I despise COVID fist bumps as a substitute for handshakes and hugs. I always try to turn them into something normal. But, I actually saw a good one on Christmas Eve. For well over a year, network TV has been doing the politically correct thing. Talk show hosts sit far apart from guests or communicate via in-studio TV monitors. There is nothing approaching physical contact. Drew Carey on the Price is Right has been forced to comply with the nonsense even though his personal beliefs don’t line up with it. When he burst into prominence as a young comedian on the Johnny Carson Show, it was clear that the tough buzz-cut former Marine sergeant on stage didn’t possess the trendy personal politics that are expected of the Hollywood elite. He is a self-proclaimed libertarian and was a proud Ron Paul supporter and donor during Doctor Paul’s presidential campaign. He opposed Bush’s Iraq War and understands economics and price signals saying, “I believe the answers to all the problems we face as a society won’t come from Washington. They will come from us. So the way we decide to live our lives and our decisions about what we buy or don’t buy are much more important than who we vote for.”
I occasionally watch the Price is Right and I have been saddened that Drew Carey was forced for months to say “Wear a mask” in his closing statement in addition to the Bob Barker legacy, “Get your pets spayed or neutered.” A while back, Carey ditched “Wear a mask” and went back to just the traditional Barker “spayed or neutered” closing. It felt like some progress, but there was still no touching, hugging, or hand-shaking allowed between the stage crew (Drew and the models) and the contestants. The studio was rearranged to accommodate a much smaller crowd seated in little family / friend pods spaced apart from each other. Drew was required to dutifully point out a mark on stage where the squealing contestants were required to stop and plant their feet away from Drew. Previously, the Price is Right was known for massive physical displays of affection when contestants rushed on stage with contestants hugging Drew, lifting Drew off his feet, carrying him around, jumping on his back, kissing him, and of course shaking hands. Models would join in on the hugging and physical displays of affection especially when contestants won big prizes. But, that was the old days.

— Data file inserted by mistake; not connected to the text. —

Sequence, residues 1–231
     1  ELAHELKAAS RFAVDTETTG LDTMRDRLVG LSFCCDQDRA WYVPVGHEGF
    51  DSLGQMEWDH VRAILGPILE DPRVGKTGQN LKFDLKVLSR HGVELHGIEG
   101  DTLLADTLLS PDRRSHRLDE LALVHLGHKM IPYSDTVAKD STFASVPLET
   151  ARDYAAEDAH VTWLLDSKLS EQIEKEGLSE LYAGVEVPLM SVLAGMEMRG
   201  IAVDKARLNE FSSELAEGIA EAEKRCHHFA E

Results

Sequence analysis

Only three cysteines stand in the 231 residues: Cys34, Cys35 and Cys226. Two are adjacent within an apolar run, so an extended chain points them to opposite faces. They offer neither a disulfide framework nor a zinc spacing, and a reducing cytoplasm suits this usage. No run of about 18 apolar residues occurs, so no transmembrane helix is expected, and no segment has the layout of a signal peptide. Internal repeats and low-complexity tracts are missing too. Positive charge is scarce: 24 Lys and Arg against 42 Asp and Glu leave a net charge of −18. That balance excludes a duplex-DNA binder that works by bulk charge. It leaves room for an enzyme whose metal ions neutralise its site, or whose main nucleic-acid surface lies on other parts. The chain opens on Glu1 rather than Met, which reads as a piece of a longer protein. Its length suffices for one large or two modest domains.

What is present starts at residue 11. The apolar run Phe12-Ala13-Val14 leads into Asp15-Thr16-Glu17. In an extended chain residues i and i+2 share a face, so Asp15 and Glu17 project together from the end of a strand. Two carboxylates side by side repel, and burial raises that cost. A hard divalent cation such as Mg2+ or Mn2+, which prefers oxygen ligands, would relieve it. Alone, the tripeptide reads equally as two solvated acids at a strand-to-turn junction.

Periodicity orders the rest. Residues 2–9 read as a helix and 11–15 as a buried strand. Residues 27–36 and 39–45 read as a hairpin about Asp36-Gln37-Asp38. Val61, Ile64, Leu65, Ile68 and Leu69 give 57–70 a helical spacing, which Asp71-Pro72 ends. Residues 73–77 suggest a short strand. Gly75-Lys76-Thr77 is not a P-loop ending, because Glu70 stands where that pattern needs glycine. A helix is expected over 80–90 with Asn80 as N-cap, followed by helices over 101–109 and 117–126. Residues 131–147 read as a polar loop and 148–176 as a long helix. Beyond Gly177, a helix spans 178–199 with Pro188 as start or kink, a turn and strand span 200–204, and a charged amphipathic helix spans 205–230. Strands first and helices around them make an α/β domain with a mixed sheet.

But, then something amazing happened on the Christmas Eve episode. A contestant was able to make it to the top tier of a very hard pricing game called “Pay the Rent,” thereby winning a whopping $100,000. Confetti fell from the ceiling and the audience, the crew, and the contestant went wild. During the whole COVID era, Drew has kept himself in check and has avoided all contact with contestants. But, this was the right moment. Drew and the contestant approached each other and did a glorious fist bump, one of the few I have approved of. I know that Drew has been looking for opportunities to shed the nonsense that has been imposed on him and this was a good start even though he will likely endure scoldings from network executives. Drew has enough prominence to be able to fight the monsters somewhat with a dose of reality. I was surprised that this prohibited touching wasn’t edited out since it was at the end of the segment. It is too bad that we have to be happy with small things like this. The ratchet effect of tyranny conditions us to accept a little bit of reclaimed freedom as significant. Oh well, it wasn’t much, but I thank you Drew Carey for being one of the few principled people in mainstream media that has dared to have a brain and speak some truth during your career and take some actions to advance individuals over Leviathan even at personal risk to your own career. Merry Christmas and a Happy Glorious New Year to you Drew and to all LRC readers!